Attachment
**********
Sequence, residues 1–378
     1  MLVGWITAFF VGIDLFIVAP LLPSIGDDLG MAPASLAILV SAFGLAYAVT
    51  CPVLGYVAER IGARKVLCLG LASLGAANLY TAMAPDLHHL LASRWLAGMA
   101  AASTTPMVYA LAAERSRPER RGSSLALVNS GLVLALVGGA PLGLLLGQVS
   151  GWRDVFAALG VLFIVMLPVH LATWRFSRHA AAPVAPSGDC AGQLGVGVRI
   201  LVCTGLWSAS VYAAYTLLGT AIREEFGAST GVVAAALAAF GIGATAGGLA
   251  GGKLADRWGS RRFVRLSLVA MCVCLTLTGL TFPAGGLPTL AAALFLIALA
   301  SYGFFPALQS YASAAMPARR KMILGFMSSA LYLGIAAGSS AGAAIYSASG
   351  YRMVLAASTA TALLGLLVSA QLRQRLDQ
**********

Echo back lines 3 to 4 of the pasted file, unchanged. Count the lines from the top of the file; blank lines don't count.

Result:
    51  CPVLGYVAER IGARKVLCLG LASLGAANLY TAMAPDLHHL LASRWLAGMA
   101  AASTTPMVYA LAAERSRPER RGSSLALVNS GLVLALVGGA PLGLLLGQVS